The coronavirus has affected us all in different ways – and this man’s story is just one of many.
When Masixole from Khayelitsha in Cape Town was informed by his manager about a possible job in the hospitality industry in Dubai, he knew he couldn’t pass it up.
In 2015, an excited Masixole packed his bags and relocated to the UAE (United Arab Emirates), where he started his new job as a restaurant manager and has lived for the past six years.
However, when Dubai went into lockdown in March, the ripple effect of the regulations soon started to trickle down to businesses. As a result, the 32-year-old was one of many to feel the pinch after he was placed on unpaid leave.
This is his story:
“Life in Dubai was amazing. The safety as a South African from Khayelitsha is something you just can't get enough off. It's a land of opportunity, especially for those in the hospitality industry with over 11 000 restaurants and cafés.
The people are very curious (in a good way). The second question to every encounter with a stranger is ‘where are you from?’ And as soon as you say, South Africa, the response will almost always be ‘Nelson Mandela’.
Dubai caters for everyone, be it low-income or high-earning, everywhere you turn there’s a cafeteria offering hearty meals as cheap as AED 10 (R46). There is always a sale in the malls and public transport is available 24/7 at very low prices.
However, when the pandemic hit the country things started to change.
Dubai went into lockdown from 31 March. While we were still allowed to run essential errands until 8pm, businesses such as restaurants were heavily affected by the financial implications of the lockdown restrictions.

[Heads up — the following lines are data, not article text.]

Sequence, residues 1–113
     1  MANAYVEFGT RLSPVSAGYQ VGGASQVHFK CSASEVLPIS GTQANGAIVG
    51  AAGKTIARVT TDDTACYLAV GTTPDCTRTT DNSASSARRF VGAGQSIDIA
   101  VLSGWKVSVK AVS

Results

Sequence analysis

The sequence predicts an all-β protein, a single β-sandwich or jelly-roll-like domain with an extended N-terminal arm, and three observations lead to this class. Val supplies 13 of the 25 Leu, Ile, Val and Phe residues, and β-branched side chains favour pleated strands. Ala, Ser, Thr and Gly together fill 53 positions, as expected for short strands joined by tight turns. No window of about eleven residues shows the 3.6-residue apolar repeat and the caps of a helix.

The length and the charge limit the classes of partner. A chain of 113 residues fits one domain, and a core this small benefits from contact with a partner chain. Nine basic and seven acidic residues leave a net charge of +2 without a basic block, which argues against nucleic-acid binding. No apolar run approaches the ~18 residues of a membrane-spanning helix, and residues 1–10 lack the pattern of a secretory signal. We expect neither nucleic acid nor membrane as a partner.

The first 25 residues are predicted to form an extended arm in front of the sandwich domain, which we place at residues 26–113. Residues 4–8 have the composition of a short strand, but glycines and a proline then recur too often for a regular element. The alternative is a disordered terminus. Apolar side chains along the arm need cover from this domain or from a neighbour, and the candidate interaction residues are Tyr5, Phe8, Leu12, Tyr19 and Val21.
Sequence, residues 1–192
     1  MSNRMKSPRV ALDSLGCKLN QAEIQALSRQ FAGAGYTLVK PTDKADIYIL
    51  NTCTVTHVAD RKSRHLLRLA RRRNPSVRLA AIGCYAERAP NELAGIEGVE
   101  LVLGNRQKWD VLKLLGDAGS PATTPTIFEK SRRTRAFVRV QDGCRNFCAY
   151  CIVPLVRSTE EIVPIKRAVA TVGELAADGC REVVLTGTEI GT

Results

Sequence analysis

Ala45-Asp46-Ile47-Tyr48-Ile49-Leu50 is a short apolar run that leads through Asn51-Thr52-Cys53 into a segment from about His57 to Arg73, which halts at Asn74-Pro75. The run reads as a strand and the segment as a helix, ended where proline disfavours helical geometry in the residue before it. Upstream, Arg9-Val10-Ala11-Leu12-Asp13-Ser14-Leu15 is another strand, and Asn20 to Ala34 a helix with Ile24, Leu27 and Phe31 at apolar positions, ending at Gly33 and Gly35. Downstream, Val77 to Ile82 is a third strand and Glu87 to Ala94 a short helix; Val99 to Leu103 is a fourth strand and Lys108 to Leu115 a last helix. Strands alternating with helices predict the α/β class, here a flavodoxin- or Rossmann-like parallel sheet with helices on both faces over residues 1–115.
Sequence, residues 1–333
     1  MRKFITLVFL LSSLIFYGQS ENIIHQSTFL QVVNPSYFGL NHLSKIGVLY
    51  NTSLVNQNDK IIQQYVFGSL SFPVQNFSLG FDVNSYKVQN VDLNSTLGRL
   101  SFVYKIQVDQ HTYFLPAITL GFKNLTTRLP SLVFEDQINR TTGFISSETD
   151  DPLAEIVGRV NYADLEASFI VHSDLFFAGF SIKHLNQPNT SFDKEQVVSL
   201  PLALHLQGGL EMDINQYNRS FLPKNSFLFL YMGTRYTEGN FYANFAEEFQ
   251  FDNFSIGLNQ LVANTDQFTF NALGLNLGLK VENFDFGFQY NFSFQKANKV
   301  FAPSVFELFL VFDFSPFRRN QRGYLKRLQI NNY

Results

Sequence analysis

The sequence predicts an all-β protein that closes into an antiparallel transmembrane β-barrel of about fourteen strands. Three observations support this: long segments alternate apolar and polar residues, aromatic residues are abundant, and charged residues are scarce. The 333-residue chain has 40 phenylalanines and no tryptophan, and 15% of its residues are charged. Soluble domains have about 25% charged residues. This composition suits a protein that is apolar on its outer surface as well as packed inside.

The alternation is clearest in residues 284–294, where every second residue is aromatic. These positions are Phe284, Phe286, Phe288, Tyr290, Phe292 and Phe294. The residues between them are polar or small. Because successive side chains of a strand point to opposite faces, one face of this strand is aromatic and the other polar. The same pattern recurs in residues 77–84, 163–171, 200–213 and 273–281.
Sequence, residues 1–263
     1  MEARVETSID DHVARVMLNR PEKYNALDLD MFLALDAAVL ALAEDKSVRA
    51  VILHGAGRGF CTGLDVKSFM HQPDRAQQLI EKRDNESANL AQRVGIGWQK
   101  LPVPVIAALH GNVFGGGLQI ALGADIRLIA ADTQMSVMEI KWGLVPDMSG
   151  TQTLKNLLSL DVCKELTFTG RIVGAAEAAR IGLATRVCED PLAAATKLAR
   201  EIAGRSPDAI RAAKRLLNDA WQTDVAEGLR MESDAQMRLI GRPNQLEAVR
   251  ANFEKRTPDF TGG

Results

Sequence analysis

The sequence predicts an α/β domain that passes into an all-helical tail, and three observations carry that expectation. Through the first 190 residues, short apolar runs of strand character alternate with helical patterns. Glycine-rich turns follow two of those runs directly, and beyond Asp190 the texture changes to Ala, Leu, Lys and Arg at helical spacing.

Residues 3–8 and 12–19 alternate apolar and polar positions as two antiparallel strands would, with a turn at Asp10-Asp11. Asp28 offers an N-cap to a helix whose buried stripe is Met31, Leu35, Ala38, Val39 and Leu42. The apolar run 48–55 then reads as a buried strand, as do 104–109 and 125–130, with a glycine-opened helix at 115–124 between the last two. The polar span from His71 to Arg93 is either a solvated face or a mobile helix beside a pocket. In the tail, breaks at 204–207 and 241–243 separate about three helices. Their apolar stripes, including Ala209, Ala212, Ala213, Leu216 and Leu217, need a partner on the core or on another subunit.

The restrictions lasted for a month and shortly after that, restaurants gradually reopened and I was allowed to return to work albeit under strict regulations to ensure the safety of patrons and staff.
The joy of returning to work was short-lived because business was down and salary cuts were introduced. On 1 June my employer informed me that we’ll be placed on unpaid leave – this was without any allowances, like for housing etc.
They also gave us the option to resign, in which case the company would award you with all your contractual benefits and return home. I chose to take unpaid leave which is indefinite and can last up to six months.
As South Africans in Dubai, we are a very close family that look out for each other. When I shared my story with fellow South Africans in our Facebook group, I received a lot of insight on the steps to take. Some offered food and housing which was highly appreciated.
I contacted the department of international relations and cooperation (Dirco) on 3 June. On 12 June I was informed that on 18 June I would be repatriated back to SA.
I arrived in South Africa a week ago and I’ve been in quarantine in Johannesburg before returning home to Cape Town. The quarantine facilities are very comfortable although very lonely, the nurses conduct daily check-ups and we’re provided with three meals a day.
Being home brings a sense of relief, I now have the opportunity to plan my next steps and be close to my family in these times of uncertainty.
I’ll turn to Dubai in due course because I want to open a free training centre for basic hospitality training in Khayelitsha for the youth. My aim is to save up enough money while working in the UAE so I can realise this dream.”
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